Few things are more depressing than seeing the damage caused by cyclones on transport infrastructure. Especially when it is a causeway that was only formally opened less than one month before the storm. That is what I found in early 2014 when participating in the Tonga Cyclone Ian Post Disaster Needs Assessment. The cyclone was a typical example of the heavy toll that climate change is taking on transport infrastructure, particularly in the most vulnerable countries.
Engineers are taught that water is the greatest enemy of transport infrastructure, and unfortunately climate change is leading to an increase in floods and storms, especially within the South-East Asia region.
For example, the figure below shows the number of floods and storms for some Asian countries between 2000 and 2008. The significant increase in the number of floods is self-evident.
Number of flood and storm events in select South-East Asian countries in 2000 vs. 2008
Transport infrastructure faces two major types of climate related risks:
- Long-term changes in the climate, particularly temperature and precipitation; and
- “Shock events” such as flooding and landslides—which as shown above are occurring with increased frequency and intensity.
To address these challenges, countries need to adapt the way they operate, maintain, upgrade, and expand the many assets that make up a road network. Our new report, Integrating Climate Change into Road Asset Management, provides governments, road authorities, and development partners with practical guidance on how to navigate this process.
Long-term climate changes are less problematic for many assets such as pavements since their life cycle is relatively short, and certainly shorter than the time it takes for significant changes in temperature or precipitation to occur. The exception to this are bridges and major drainage assets which have long service lives.
On the other hand, even the shorter lived road assets will likely face some extreme weather events within their life cycle. When designing road infrastructure, engineers normally account for such climate shocks, but work under the assumption that those will be rare and of limited magnitude. However, we are now seeing that infrastructure are being subjected to more frequent and extreme events within their design life. This leads to a shortening of the service life, and/or temporary loss of accessibility.
As part of the business-as-usual asset management practices within a road authority, there are a number of actions that can be taken to prepare for both long-term climate changes and increased shock events, including:
- Identifying of key routes recognizing the many roads are also corridors for other essential infrastructure such as water, power etc.;
- Defining what resilience means for different road categories and making residents and road users aware of how long they may be without transport access after events;
- Agreeing in advance on how damage repairs from shock events will be funded and who will be entitled to financial support;
- Having mechanisms in place to promptly respond to shock events when they do occur;
- Developing models that predict the impacts of climate change events on the road network, including the collection of data to feed and calibrate these models;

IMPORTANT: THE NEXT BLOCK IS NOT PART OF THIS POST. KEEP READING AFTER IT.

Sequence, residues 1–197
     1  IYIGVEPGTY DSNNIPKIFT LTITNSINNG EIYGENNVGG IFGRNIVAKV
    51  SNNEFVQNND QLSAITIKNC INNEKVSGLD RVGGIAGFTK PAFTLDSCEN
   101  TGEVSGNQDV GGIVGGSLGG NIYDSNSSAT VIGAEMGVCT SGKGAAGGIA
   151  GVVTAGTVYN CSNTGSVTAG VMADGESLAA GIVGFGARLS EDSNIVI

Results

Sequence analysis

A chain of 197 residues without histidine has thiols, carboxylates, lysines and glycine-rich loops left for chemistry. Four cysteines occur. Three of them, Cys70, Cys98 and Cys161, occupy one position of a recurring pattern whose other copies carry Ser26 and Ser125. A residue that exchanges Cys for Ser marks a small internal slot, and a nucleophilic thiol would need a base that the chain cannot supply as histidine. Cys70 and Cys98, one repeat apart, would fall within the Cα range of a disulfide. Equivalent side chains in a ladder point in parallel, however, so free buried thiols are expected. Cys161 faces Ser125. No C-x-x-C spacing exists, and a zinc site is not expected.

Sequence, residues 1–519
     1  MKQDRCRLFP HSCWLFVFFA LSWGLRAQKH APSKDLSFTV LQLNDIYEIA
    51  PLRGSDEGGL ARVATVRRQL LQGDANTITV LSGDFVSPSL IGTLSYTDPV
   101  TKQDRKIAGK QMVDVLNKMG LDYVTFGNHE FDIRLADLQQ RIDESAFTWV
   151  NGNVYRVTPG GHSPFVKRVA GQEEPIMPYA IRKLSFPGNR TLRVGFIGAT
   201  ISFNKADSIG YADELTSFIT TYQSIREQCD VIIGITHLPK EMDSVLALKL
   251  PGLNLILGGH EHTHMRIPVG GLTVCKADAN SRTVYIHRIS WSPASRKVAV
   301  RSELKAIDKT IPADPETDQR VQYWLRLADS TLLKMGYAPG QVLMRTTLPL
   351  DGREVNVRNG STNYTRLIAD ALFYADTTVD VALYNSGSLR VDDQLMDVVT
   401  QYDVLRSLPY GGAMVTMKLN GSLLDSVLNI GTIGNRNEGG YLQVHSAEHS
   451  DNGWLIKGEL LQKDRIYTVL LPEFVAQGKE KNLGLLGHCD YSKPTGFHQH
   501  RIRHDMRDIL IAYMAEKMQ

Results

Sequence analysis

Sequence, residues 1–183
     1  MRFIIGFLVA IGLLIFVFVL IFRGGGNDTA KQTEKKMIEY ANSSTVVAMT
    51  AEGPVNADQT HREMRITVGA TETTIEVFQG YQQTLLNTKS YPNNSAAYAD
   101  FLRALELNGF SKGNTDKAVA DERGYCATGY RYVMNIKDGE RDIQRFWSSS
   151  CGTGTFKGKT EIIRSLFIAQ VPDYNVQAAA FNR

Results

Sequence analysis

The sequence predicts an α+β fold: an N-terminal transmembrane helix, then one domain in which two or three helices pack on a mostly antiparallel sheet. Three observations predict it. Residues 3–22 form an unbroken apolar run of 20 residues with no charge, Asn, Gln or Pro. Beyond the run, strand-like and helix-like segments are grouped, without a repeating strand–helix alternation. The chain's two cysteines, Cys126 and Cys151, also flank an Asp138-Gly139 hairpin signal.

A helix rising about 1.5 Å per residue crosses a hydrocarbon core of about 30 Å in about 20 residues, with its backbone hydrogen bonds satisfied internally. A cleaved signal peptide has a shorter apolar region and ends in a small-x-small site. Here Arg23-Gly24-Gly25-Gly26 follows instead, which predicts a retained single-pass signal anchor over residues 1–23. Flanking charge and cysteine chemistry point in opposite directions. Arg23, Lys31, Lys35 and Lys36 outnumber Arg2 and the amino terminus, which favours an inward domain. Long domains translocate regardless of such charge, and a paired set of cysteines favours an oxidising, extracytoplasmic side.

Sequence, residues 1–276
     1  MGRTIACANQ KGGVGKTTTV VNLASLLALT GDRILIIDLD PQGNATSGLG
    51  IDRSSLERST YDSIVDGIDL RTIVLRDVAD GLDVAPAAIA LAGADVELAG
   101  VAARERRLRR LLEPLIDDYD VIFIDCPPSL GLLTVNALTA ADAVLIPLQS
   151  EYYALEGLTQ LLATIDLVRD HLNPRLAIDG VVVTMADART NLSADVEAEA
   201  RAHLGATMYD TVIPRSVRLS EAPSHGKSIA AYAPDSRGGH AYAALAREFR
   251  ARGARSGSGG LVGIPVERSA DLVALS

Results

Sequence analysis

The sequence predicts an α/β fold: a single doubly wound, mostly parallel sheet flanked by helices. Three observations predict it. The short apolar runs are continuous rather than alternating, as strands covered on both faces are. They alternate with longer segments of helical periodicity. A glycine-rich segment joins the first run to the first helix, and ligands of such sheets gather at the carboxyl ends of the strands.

- Revising design guides to take into account the changing frequency of climatic events;
- Retrofitting infrastructure that is found to be deficient; and
- Trialling new materials that may better resist climate change.
The key is to: prepare in advance of the events; have in place mechanisms to respond during an event; after a major weather event, ensure we can “build back better” to make the network more resilient to future events. The actions are illustrated in the figure below.
Now that we’ve laid out the fundamentals, what are the specific steps that are required to integrate climate change into the asset management process? The Intergovernmental Panel on Climate Change (IPCC) suggests that there are three broad strategies for adapting to climate change: protect, accommodate and retreat. Asset management addresses the first two strategies, and can influence decisions around when the third may be warranted.
The table below suggests actions across the full scope of asset management. Not all recommended actions will be applicable to all road authorities, although it is certainly advisable to at least consider each within the overall asset management improvement process.
One area that requires special attention is data collection. Better data and information assist in better decision making. Investing into the collection of relevant data and information is the first and foremost investment into climate adaptation.
For some highly vulnerable road networks, actions beyond those in the table may be necessary. In extreme cases, these steps may go as far as retreat, which is the abandonment of certain assets that cannot be reasonably protected from climate change. The IPCC particularly applied this concept in the context of coastal protection, but it can be generalized to all geographic locations.
Mobility is vital to the social and economic wellbeing of a country. It is critical that the resilience of transport infrastructure is enhanced in order to minimize the impacts from climate change. Formally integrating climate change considerations into an asset management program will provide the framework and mechanism to achieve this. This will help agencies with planning, protecting, and responding to the challenges of climate change.
Follow on work to consider how climate change risks should be incorporated into performance based contracts is currently under way with funding from PPIAF. This work is expected to be completed in late 2017.
great article Chris, we’ve been doing work related to this: https://www.piarc.org/en/order-library/23517-en-International%20climate%20change%20adaptation%20framework%20for%20road%20infrastructure.htm